And this is a great time to make your customers feel like rockstars.

Share an example or two when you applied your background in journalism to your marketing?

“Interviewing and listening skills are surprisingly underrated in marketing.”

Where do I start?

I apply my journalism education and skills at work every day as a marketer. In order to understand complex enterprise technology, you have to be curious and persistent about understanding how things work.

I ask a lot of questions.

When I first joined PathFactory and started learning about artificial intelligence, those skills came in handy. Now I can write about AI all day long – for a marketing audience of course.

Interviewing and listening skills are surprisingly underrated in marketing. Marketing involves a lot of “talking,” but you really need to listen to so many different stakeholders to inform your strategy and understand if it’s working – sales, customer success, your customers and prospects, executives.

Finally, writing.

When people ask how I got so fast and so good at writing, I answer honestly: practice! I honed my writing skills as a journalist by writing millions of words on deadline. Nobody is born a good writer.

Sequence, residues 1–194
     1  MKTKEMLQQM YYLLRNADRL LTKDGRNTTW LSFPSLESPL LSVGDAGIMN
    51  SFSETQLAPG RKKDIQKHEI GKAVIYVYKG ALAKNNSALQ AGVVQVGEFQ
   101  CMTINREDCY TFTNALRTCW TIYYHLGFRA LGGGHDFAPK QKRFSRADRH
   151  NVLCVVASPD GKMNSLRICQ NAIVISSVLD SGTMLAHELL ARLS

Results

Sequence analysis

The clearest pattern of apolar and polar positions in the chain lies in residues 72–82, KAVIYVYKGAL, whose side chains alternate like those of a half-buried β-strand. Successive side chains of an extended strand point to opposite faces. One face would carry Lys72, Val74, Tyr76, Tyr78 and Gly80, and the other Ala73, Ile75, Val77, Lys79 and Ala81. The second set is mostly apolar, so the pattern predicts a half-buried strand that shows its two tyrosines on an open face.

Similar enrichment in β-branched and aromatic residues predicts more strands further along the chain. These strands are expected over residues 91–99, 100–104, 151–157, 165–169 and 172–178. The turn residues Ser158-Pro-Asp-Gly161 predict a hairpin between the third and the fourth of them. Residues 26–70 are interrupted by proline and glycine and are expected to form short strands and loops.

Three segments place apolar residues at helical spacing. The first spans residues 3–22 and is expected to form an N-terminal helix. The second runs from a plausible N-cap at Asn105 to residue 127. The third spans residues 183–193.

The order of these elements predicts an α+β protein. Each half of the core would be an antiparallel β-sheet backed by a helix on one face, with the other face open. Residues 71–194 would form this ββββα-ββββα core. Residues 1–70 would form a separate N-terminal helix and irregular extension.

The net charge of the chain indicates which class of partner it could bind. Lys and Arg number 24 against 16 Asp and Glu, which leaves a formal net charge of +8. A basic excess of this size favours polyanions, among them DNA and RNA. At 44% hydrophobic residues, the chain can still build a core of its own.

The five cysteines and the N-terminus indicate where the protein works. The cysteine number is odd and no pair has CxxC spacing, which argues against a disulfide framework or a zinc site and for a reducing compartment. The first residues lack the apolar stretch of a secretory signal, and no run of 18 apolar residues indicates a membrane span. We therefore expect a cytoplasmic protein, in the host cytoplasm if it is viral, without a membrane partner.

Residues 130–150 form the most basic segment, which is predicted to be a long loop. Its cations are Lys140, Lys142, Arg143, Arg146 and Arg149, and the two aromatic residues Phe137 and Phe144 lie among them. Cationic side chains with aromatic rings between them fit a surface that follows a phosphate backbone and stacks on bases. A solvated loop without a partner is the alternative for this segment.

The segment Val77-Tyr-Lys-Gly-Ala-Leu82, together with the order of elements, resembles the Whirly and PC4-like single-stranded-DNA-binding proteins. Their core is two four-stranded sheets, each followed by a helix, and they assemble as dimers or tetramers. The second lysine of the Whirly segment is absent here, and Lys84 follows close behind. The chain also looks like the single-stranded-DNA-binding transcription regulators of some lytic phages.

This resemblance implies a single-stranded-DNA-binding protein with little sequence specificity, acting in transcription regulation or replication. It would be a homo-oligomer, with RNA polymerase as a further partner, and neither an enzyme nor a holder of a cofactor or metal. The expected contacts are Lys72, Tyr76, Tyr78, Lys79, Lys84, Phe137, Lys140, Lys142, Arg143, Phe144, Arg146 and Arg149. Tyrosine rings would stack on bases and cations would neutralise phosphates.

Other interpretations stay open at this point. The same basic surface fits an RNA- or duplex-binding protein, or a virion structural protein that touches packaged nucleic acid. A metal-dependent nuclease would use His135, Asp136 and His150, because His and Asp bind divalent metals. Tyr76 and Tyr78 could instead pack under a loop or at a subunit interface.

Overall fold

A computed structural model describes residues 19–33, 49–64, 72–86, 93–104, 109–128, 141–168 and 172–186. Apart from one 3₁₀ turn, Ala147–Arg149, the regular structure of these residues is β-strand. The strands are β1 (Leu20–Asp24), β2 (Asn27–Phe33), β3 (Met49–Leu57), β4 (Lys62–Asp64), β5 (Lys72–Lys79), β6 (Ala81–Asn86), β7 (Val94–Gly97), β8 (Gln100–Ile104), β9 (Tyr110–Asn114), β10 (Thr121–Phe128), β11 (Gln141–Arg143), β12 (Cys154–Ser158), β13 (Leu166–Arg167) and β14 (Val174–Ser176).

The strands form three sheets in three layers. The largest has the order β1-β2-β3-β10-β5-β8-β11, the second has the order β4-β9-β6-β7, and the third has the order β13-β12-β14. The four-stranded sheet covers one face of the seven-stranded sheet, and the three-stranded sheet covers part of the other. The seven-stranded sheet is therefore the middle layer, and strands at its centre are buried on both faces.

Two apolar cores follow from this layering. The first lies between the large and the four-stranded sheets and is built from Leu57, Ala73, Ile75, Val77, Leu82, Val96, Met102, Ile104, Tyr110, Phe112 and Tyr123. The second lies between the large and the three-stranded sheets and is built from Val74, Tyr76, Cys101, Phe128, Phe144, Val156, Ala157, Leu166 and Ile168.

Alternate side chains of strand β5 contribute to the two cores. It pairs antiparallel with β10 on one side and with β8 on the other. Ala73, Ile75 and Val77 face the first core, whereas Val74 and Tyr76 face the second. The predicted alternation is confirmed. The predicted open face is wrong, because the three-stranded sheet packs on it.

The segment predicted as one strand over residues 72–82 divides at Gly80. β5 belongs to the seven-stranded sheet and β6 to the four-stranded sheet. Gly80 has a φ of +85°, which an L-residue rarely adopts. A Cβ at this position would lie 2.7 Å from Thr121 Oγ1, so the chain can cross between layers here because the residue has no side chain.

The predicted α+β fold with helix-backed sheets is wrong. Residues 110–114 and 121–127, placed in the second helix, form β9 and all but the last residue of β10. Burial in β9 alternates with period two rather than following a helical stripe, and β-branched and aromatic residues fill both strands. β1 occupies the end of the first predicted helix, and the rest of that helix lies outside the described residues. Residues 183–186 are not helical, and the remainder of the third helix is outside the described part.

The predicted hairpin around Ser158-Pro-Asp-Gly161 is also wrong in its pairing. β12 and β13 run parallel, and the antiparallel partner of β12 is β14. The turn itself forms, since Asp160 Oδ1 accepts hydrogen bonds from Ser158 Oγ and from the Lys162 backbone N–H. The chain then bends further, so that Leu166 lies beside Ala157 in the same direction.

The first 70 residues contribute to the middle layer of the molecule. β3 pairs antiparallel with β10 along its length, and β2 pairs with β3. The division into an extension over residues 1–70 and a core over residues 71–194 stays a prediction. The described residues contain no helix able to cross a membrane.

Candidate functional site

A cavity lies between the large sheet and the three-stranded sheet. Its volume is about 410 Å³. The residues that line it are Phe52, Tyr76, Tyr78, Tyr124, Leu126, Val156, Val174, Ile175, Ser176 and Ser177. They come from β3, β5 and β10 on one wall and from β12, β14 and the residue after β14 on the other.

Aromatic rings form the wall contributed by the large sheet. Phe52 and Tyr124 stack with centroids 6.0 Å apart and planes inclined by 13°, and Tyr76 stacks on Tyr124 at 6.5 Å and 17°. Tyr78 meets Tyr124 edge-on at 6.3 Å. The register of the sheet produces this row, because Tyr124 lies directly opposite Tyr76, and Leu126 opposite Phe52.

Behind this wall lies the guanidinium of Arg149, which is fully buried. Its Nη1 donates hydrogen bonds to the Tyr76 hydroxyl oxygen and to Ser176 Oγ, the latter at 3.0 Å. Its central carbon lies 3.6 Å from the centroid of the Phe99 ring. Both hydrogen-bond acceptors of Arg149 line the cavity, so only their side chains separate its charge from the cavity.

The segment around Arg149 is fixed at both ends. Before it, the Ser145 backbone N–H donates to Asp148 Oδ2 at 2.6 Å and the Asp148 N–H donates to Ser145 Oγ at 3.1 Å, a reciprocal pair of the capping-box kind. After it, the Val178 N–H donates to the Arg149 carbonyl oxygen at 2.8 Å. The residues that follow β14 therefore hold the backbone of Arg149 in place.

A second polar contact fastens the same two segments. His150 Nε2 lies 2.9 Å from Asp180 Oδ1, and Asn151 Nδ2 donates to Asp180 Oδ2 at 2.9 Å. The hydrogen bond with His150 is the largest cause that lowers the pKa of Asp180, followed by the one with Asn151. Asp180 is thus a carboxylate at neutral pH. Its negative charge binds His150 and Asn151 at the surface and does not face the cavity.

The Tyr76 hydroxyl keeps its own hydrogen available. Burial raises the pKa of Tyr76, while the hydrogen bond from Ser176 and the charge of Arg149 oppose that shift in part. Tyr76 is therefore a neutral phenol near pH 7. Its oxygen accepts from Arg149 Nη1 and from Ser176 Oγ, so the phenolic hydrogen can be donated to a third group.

Given that you worked at Influitive, what’s your take on the current state of advocate marketing?

“I certainly miss putting a request out to customers in the morning, and having enough feedback and content to fill an eBook by the afternoon.”

Incorporating customer advocacy into your marketing has become completely normalized. Back in 2013, you didn’t see companies putting their customers’ faces and testimonials all over their websites.

Now, it’s second nature for the really smart, savvy marketers out there.

While it hasn’t become the separate, unique marketing function we thought it might become, it’s certainly a critical part of many marketing strategies today and a skillset that most customer marketers need to have.

I think most of us marketers are still trying to figure out how to get that direct line to our whole customer base, and you see all kinds of different solutions for that: communities, Slacks, Facebook groups, etc.

Despite how powerful I know it can be, it doesn’t seem like the combination of advocacy + community has become best practice yet. I certainly miss putting a request out to customers in the morning, and having enough feedback and content to fill an eBook by the afternoon.

Want to have a conversation about social media? Let’s talk.